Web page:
A Guide to Forensic Testimony: The Art and Practice of Presenting Testimony As An Expert Technical Witness
||Author: Fred Chris Smith, Rebecca Gurley Bace|
List Price: $49.99
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Publisher: Addison-Wesley Pub Co (09 October, 2002)
Sales Rank: 303,348
Average Customer Rating: 3.75 out of 5
Customer ReviewsRating: 4 out of 5
Very good book, but a bit wordy.
This is a very good book, but a bit wordy.
The authors go into a lot of legal detail. If you are not a lawyer, you can skip these sections, which make up about a third of the book.
But besides that, it is a very good book.
Rating: 3 out of 5
I was given this book as a door prize. As a result I found it a slow starter and was unable to complete the book. However the book is well written and easy to understand. It was also entertaining to read some of the examples of court proceedings. I am sure that if this had been a book I was interested in enough to buy or seek out I would have found it both enjoyable & helpful.
Rating: 4 out of 5
Very comprehensive guide
This book might sound like the most boring security book that was ever written. It is also full of confusing and hard to read
legalese. However, security professionals that might have to deal with law enforcement due to various information security incidents (that means everybody, sooner or later) will have to buy and read it anyway and will be happy they did. The content of the book is simply exclusive. Many of the security books simply collect stuff found on the Internet and package it together - this book shines like a solid gold of unique author's experiences and research.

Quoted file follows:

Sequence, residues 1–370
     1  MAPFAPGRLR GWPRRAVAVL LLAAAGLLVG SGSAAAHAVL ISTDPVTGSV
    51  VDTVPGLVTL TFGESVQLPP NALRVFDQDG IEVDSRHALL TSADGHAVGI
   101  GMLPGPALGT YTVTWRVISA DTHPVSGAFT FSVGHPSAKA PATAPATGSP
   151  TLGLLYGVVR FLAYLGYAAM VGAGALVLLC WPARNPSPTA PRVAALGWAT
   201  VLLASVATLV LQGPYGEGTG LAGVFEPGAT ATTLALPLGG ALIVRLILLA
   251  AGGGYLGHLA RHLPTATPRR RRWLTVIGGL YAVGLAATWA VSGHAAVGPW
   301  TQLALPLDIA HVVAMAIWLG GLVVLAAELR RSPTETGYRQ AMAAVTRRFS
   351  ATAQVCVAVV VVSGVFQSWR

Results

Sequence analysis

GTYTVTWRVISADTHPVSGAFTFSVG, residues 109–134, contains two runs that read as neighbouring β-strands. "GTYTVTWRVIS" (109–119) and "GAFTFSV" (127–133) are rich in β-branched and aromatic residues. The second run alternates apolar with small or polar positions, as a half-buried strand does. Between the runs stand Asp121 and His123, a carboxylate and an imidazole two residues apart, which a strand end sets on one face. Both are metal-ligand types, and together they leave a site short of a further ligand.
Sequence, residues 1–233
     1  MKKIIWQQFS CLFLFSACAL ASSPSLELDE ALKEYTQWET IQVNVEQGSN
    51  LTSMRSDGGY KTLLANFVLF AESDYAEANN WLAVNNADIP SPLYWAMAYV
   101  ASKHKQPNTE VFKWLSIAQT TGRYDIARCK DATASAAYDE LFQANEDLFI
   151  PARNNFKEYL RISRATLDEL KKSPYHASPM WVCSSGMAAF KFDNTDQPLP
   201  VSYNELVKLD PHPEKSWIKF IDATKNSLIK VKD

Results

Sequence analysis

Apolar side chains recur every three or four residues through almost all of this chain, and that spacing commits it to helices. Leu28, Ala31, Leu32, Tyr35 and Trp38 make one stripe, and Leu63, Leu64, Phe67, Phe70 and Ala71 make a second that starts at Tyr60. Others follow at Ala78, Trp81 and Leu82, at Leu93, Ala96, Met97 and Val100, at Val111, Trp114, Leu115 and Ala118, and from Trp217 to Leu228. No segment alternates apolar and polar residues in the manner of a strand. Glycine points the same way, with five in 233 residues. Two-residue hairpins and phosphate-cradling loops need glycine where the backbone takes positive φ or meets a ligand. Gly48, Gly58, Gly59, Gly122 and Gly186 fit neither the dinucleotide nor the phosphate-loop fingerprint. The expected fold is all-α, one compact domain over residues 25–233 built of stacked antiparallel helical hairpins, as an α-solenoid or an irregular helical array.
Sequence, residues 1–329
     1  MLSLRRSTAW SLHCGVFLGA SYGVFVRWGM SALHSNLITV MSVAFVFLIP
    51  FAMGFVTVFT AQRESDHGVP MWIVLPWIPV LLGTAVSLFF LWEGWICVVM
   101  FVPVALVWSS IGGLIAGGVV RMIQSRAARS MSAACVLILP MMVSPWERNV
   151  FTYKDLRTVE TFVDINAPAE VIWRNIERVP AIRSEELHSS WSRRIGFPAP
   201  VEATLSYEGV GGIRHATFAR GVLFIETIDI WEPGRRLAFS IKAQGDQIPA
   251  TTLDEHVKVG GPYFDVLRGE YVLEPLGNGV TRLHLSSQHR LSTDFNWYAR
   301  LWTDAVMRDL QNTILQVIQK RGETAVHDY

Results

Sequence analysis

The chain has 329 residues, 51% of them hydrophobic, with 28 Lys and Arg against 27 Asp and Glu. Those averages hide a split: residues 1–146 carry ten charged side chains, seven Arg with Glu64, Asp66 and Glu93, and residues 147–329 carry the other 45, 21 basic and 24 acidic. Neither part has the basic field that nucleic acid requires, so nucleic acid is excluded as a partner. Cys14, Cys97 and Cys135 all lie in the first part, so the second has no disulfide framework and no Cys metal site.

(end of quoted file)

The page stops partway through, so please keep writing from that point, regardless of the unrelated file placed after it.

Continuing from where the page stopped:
The interesting thing that while the book tries to convince the reader that doing expert testimony on computer security subjects might be a good thing, it is not clear that every reader will indeed be convinced of that upon reading it. The whole legal system thing is just too big and very different from other IT security professional responsibilities, so that the book might actually project the opposite impression - namely, don't mess with it. The "duty" might not be motivating enough to take a stand and testify, suffer from cross-examination, etc. Understandably, it might be good for professional reputation. It also sees from the book that such reputation can also be destroyed by the expert testimony.
The book first provides a complete history of expert testimony in
various fields, naturally leading the reader to the computer security case. The authors (Rebecca Bace is a renowned expert in the field of security) have clearly done their homework extremely well and managed to present their findings just as well.
The coverage of relevant material seems to be exceptional as
well. Relationship with lawyers, with police, other government bodies, pseudo scientists is all covered in the book.
The book also has many real-life examples, such as from 'US vs
Microsoft' and other recent and famous cases where IT and infosec were involved. It also has some fun fictitious examples, such as 'An Expert's Dream' and 'An Expert's Nightmare' cases, that illustrate the pitfalls of the process.
Overall, its not a fun book to read, but if you find yourself needing to face the courtroom - there is probably no better resource to prepare.
Anton Chuvakin, Ph.D., GCIA is a Senior Security Analyst with a major information security company. His areas of infosec expertise include intrusion detection, UNIX security, forensics, honeypots, etc. In his spare time he maintains his security portal info-secure.org.
· Computer and Intrusion Forensics (Artech House Computer Security Series)
· Cyber Forensics: A Field Manual for Collecting, Examining, and Preserving Evidence of Computer Crimes